Anthos Migrate

Anthos Migrate is a cloud migration tool which allows applications running on VMs from other cloud providers or on-premise to be containerized and moved to GKE. Anthos Migrate does all this while maintaining the application state and with minimal downtime.

Istio on GKE

Istio provides security, connectivity and monitoring for microservices. With Istio microservices distributed across cloud providers and on-premise infrastructure can be connected securely. In addition, Istio also provides tracing, monitoring and logging for the service mesh.

Anthos Config Management:

Anthos Config Management allows the creation of uniform configurations reflecting administrative policies in one central tool. These configurations can then be applied to Kubernetes clusters running across cloud providers and on-premise. Configuration policies can range from RBAC and resource quotas to network and admission control policies. 

How does Anthos Compare with other Hybrid cloud Management tools?

Both AWS and Azure have dabbled in the hybrid cloud space with AWS Outposts and Azure Stack.

AWS outposts has at its core the same operating idea as Anthos; provide a consistent developer experience across on-premise and the AWS cloud. For this to happen AWS delivers fully managed compute, storage and networking equipment to customer locations. This equipment is then used by AWS Outposts to create a seamless hybrid cloud with access to the same AWS services that are available in native AWS data centres. The VMware variant of AWS Outposts comes with VMware’s SDDC stack loaded on top of the hardware provided by AWS.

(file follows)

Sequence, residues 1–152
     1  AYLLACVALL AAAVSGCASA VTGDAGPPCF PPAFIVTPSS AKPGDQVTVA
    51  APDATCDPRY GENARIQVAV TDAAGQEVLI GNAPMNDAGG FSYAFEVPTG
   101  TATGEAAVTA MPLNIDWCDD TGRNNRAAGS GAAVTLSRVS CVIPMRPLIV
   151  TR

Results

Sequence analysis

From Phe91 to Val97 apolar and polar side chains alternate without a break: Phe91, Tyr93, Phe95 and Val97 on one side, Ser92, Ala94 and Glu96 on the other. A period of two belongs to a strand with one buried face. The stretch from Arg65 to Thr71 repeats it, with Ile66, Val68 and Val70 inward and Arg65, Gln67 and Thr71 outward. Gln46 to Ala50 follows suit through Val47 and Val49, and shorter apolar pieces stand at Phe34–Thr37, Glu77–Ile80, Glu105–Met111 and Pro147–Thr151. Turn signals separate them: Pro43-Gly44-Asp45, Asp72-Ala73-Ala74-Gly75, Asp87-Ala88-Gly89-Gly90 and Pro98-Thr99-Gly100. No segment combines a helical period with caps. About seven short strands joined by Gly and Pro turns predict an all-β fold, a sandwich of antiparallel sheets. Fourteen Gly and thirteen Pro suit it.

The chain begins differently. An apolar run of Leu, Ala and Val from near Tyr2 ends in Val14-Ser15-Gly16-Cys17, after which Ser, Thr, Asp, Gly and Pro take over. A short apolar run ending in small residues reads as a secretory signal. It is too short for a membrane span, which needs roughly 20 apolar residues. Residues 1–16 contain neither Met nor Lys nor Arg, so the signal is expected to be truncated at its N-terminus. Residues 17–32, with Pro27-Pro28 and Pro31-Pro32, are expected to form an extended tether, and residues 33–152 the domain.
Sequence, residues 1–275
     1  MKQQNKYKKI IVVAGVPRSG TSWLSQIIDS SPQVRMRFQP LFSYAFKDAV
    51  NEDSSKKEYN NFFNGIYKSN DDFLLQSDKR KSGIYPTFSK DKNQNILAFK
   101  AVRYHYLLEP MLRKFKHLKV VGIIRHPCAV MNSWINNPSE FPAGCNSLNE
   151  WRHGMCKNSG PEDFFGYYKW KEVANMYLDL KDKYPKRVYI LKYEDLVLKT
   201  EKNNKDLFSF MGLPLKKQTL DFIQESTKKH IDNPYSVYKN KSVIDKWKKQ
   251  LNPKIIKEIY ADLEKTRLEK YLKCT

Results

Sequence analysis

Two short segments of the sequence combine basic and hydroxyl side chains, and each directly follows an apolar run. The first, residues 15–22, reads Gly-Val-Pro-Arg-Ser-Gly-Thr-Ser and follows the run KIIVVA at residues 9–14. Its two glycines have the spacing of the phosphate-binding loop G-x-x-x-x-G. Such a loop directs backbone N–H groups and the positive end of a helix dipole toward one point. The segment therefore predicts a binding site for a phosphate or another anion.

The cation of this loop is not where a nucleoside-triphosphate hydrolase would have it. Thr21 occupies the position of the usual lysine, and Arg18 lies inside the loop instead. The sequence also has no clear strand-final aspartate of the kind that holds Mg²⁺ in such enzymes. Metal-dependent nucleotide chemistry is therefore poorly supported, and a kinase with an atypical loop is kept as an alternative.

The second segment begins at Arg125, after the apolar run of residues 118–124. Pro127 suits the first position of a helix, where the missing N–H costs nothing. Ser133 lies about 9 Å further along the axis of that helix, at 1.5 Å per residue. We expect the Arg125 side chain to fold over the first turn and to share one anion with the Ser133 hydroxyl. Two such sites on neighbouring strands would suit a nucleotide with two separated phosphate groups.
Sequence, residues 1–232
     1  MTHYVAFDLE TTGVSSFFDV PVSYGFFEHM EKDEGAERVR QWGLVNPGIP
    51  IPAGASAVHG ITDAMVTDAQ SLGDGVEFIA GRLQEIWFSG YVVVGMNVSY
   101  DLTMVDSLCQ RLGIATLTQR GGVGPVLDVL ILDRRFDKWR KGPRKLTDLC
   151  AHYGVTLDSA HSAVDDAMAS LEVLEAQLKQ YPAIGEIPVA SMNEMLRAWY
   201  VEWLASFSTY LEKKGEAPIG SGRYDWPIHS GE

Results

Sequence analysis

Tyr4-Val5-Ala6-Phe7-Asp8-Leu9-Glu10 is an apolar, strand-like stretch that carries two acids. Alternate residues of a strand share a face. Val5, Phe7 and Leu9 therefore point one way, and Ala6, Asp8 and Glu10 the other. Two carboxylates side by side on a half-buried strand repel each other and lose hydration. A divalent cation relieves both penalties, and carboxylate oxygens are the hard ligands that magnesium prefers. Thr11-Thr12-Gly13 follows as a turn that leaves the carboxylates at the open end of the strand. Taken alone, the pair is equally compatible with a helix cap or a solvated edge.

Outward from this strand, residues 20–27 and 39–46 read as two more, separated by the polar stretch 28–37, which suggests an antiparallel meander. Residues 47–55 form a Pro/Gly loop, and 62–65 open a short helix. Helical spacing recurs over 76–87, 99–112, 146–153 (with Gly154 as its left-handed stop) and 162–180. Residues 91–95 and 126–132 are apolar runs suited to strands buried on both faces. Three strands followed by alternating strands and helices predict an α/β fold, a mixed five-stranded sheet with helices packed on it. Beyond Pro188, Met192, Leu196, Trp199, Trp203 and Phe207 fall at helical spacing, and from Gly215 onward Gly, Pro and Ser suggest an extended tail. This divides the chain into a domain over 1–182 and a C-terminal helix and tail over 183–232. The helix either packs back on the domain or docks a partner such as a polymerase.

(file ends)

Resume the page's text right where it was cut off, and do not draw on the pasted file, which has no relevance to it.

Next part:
Azure Stack is Azure’s hybrid cloud solution allowing enterprises to bring native Azure services to a private on-premise data centre. Initially billed as a solution it later pivoted to a partnership with hardware vendors and required their hardware to be installed before Azure Stack could be used on-premise. There are two variants of Azure Stack; a managed service where the service provider manages the hardware and software and one where the hardware is bought and hosted locally with Azure Stack running on top.

As is apparent, both AWS Outposts and Azure Stack are restricted to on-premise and the respective cloud provider itself, with no support for other cloud providers in the pipeline as of now. With Azure Stack’s pivot, it joined AWS Outposts in requiring both the hardware and software to be installed locally before it can be used on-premise.

With Anthos, Google has tried to reach for the promised land of write once, run anywhere. The introductory post from Google phrases it as “a new open platform that lets you run an app anywhere—simply, flexibly and securely… Anthos lets you run your applications, unmodified, on existing on-prem hardware investments or in the public cloud”.